2014-09-24 – General Health News Review from Harvard Medical School
At least 160 cases of a sometimes severe virus have been confirmed in 22 states, U.S. health officials say. The cause of the confirmed cases is enterovirus D68. It is part of a family of germs that cause the common cold. Most cases in this new outbreak are mild, with cold symptoms. But other people, especially children, have developed breathing problems. Many children have ended up in hospitals. The illness has been most severe for children with asthma. No one has died. Enterovirus D68 is spread by close contact with an infected person, or touching the same surfaces and then the nose or mouth. The Centers for Disease Control and Prevention (CDC) reported the latest numbers on September 19. The number of states and cases has expanded rapidly since the CDC first reported an outbreak at one Midwest hospital on September 8. The numbers may be much higher, Medscape Medical News reported. That’s because doctors often don’t order the test to confirm the cause of illness. HealthDay News also wrote about the outbreak.
What Is the Doctor’s Reaction?
If you haven’t started taking hand-washing really seriously, now’s the time to start — especially if you have children with asthma.
It’s been all over the news: a bad virus sweeping the country that is landing hundreds of children in the hospital. The virus that is being blamed is called enterovirus D68.
Enteroviruses are very common. Every year, especially in the summer and fall, they cause 10 million to 15 million infections. The vast majority of these illnesses are mild — colds, rashes, vomiting, low-grade fever, mouth sores. But sometimes, as is the case with this particular strain, they can be more serious.
We don’t entirely understand why this strain is causing so much trouble — or why it is particularly affecting children. It may be simply that children haven’t lived as long as adults. This means they have had less time to build up immunity to enteroviruses in general. Whatever the reason, it’s clear that enterovirus D68 does cause more trouble for children, especially those with asthma.
This illness can cause cold symptoms that then lead to trouble breathing. Sometimes affected children need oxygen. Many of the children who get sick enough to end up in the hospital have asthma. Not only do they get sick from the virus, it causes their asthma to act up.
As of the end of last week, there were 160 confirmed cases in 22 states. There are almost certainly many more than 160 cases, and the virus is likely in more than 22 states. Special tests need to be done to know for sure what exact virus is making children sick. These are tests that doctors don’t always do on sick children. The tests that confirm it is enterovirus D68, as opposed to another kind of enterovirus, can be done in only a small number of laboratories. This can take a long time.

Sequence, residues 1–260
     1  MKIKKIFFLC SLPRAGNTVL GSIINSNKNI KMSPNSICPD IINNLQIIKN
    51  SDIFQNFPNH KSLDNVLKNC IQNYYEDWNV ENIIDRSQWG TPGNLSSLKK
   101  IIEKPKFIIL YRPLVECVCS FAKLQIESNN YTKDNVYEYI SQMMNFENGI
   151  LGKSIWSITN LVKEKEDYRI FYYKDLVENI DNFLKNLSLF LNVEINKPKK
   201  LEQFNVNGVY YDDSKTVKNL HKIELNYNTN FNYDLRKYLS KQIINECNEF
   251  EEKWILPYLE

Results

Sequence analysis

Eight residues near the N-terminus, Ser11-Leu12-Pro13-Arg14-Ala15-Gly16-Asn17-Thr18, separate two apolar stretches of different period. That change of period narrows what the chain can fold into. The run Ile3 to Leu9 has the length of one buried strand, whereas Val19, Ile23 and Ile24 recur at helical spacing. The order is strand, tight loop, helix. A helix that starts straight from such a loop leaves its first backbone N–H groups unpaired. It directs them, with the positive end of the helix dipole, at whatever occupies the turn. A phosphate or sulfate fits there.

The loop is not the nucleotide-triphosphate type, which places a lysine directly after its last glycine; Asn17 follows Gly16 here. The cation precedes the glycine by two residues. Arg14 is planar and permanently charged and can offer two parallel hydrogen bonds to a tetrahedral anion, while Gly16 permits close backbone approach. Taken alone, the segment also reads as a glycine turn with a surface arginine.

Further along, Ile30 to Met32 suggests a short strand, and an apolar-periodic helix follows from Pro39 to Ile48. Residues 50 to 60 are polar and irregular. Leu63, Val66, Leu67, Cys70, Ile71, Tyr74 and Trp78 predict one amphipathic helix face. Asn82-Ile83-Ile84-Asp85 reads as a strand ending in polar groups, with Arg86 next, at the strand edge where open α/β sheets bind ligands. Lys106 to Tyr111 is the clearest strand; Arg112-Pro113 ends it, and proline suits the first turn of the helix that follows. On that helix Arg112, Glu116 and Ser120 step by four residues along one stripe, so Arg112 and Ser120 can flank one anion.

What Changes Can I Make Now?
As I said above, the best thing you can do is wash your hands. Enterovirus D68 doesn’t get spread through the air. It’s spread through contact with body fluids like saliva and nasal secretions (snot). Washing your hands regularly can help decrease the chance of catching all sorts of illnesses, including this one.
It’s also a good idea to:
Stay away from sick people to the extent possible
Stay home if you are sick
Regularly wipe down common surfaces, such as doorknobs
Avoid sharing cups and utensils
Teach children to cover coughs and sneezes with the inside of the elbow instead of the hand
Since we are in flu season, these are great things to do anyway.
If you have a child with asthma, it’s really important that he or she take all medicines as prescribed, especially “controller” medicines. These are the ones that are meant to prevent symptoms. Very often, families get a bit lax with those over the summer, when many children with asthma get better. Families figure the controller medicines aren’t needed, and they stop them. If that was the case in your family, start those medicines up again. They could make all the difference if your child catches this virus.
It’s also important to be watchful of any child who gets a cold. Chances are it’s just a cold, and nothing serious. But look out for any trouble breathing. Children who have trouble breathing may:
Cough very often
Breathe fast or heavy
Have trouble talking
If you notice any of this, bring your child to get medical attention right away.
What Can I Expect Looking to the Future?
I hope that this virus will pass as we move out of fall. I also hope that, with increased awareness, people will take the best steps to prevent this illness and get children the care they need quickly.
But when we move out of fall, we will still be in flu season. So even if the news says that enterovirus D68 isn’t as big a threat anymore, keep up with the hand-washing and other suggestions. Get your flu shot, too. Winter is a bad time for viruses. The habits you learn for preventing enterovirus D68 can go a long waytoward keeping you and your family as healthy as possible.
By Claire McCarthy, M.D.
Harvard Medical School
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